As we enter another year – in what is an uncertain political and economic climate – it’s more important than ever to ensure your business is set up to cope with change or to review what about your business may indeed need to change.
Whether that change is a structural, resource or systems change, whether it is in response to a negative impact or a conscious positive move, it is going to have a profound impact on your business, employees, clients and wider stakeholders. It is therefore business critical that you communicate that change carefully to all audience groups.
Redwood Consulting offers a bespoke change communications service that has seen a wide variety of clients through mergers, acquisitions, HR moves, relocations and profound structural changes. We don’t take a ‘one size fits all’ approach to communicating change, but there are a few key things any company about to undertake change should bear in mind.
In any circumstance, it is important you start with a large amount of patience. Change, even positive change, will be complex and challenging because it involves people. Trying to force people through a process to create change without stepping back and gathering different perspectives and information will fail.
Remember that as a leader of your business you’ve already been through a long journey of ups and downs to reach the decision to change. Your audiences may have not started that journey or they may be at various points within it, either way, you need to go back to the beginning and ask: why? Why is this change necessary? What is wrong with the status quo / what implications will there be if we don’t make it? An outside advisor can help you decipher this by asking the challenging questions your in-house team might shy away from.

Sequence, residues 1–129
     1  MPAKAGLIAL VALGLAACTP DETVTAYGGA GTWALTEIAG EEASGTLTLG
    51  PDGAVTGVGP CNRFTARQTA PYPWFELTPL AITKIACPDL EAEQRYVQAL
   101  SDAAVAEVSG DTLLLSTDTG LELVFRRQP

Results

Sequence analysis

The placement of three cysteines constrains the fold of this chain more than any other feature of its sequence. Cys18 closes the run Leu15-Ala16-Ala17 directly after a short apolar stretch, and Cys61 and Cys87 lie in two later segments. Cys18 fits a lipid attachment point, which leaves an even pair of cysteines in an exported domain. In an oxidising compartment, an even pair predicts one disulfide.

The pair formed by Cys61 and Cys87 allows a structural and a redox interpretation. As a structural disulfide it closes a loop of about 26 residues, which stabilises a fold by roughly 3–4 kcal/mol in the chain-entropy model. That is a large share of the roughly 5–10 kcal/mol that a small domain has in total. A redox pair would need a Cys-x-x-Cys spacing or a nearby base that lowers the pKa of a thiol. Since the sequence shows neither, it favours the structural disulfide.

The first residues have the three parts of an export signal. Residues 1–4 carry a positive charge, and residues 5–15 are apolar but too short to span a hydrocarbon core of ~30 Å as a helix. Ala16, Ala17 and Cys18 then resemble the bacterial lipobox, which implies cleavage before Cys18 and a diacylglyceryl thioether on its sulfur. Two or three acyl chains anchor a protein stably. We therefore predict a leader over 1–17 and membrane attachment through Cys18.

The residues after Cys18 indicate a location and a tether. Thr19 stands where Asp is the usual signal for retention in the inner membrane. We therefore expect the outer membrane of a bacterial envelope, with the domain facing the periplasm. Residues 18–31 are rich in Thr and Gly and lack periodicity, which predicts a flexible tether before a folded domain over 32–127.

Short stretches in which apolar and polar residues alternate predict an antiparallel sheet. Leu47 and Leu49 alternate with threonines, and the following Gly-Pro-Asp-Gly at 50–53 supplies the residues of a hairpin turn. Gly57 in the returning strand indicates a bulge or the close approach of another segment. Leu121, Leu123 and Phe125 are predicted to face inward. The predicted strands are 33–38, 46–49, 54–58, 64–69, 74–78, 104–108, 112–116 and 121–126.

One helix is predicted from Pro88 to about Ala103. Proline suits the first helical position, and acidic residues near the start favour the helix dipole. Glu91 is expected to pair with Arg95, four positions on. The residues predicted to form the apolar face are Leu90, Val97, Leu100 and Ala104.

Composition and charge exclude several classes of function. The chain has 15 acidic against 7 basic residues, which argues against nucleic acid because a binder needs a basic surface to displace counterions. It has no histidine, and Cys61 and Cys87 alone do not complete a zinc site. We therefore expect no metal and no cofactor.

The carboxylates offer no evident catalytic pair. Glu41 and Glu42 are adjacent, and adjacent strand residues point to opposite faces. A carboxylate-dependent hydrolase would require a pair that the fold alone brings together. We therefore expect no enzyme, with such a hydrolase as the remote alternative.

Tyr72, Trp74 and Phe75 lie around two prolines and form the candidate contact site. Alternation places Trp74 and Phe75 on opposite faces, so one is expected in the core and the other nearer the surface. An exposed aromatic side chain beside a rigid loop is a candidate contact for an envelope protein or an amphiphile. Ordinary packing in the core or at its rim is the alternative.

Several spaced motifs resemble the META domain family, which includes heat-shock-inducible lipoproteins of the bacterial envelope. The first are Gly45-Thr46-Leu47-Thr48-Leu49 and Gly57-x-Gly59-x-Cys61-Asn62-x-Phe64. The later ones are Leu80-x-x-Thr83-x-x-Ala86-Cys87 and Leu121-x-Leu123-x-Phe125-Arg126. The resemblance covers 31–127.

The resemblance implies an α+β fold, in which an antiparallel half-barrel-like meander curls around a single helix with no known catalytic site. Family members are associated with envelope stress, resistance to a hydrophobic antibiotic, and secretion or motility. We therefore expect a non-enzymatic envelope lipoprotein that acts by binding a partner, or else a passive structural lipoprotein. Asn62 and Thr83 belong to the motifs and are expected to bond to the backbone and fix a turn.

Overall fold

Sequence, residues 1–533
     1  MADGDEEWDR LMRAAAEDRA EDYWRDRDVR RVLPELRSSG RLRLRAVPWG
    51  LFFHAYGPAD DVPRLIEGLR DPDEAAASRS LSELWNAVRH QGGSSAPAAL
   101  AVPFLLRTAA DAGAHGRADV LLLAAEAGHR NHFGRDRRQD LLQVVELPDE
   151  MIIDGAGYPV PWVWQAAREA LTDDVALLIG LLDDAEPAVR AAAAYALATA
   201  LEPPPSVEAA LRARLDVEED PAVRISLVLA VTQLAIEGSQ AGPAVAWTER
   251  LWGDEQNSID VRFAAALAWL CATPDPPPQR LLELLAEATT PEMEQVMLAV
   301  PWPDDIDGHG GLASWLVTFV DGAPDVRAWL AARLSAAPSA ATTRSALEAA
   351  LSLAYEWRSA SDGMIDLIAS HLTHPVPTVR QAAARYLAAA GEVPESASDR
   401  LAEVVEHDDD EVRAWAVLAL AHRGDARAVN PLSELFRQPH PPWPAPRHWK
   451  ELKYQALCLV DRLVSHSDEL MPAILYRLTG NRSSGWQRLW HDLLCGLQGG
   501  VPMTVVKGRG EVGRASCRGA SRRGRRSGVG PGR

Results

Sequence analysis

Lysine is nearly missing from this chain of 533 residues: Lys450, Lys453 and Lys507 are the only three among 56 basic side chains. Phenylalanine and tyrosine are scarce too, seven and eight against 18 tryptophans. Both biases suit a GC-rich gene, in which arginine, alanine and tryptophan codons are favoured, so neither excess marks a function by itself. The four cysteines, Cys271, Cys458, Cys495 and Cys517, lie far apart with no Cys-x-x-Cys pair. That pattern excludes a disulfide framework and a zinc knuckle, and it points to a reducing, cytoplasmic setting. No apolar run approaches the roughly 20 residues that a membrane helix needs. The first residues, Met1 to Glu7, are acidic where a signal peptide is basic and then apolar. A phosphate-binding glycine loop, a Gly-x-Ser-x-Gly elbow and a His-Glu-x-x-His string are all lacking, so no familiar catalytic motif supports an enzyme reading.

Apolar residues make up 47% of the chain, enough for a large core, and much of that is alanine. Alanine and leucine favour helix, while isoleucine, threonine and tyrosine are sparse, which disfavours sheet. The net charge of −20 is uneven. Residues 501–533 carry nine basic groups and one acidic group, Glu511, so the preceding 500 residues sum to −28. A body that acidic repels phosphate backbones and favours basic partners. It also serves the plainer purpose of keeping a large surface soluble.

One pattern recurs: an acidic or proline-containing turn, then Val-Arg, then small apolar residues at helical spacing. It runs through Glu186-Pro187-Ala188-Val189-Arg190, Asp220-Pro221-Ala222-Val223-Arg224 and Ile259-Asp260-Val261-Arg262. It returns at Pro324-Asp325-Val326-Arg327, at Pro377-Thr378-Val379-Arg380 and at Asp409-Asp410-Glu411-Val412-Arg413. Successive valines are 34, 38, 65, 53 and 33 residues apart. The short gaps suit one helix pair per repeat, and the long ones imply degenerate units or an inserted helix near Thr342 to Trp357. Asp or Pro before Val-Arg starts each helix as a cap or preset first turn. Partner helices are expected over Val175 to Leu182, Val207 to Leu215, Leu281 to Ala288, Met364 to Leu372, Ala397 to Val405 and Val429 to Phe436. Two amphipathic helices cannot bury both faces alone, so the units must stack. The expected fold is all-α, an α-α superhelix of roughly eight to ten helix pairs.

Think about these questions in terms of each of your audiences. Why would they care? How will they be impacted? What are their most pressing concerns? Then develop your messages to fit each audiences’ needs. Again outside advisors can help you with this by mapping stakeholders and setting out the messages for each.
Once these questions are answered you then need to think about how to share information. And do so as soon as possible – with consistency. The worst case scenario in a changing situation is for you to lose control of the message and the longer you sit on the change the greater risk you have of the rumour mills running away with you.
Make use of a variety of communications tools to speak with your different audiences, this will enable you to reiterate messages across multiple platforms as well as allowing for mass and one-on-one communication. Have a plan for this, but be prepared to adapt and respond as the change takes hold.
Most importantly, don’t forget to listen. Change is not a step-by-step process it requires careful management through live situations. You can best navigate this by listening to your audience groups and responding appropriately. That way you can bring everyone on the journey with you.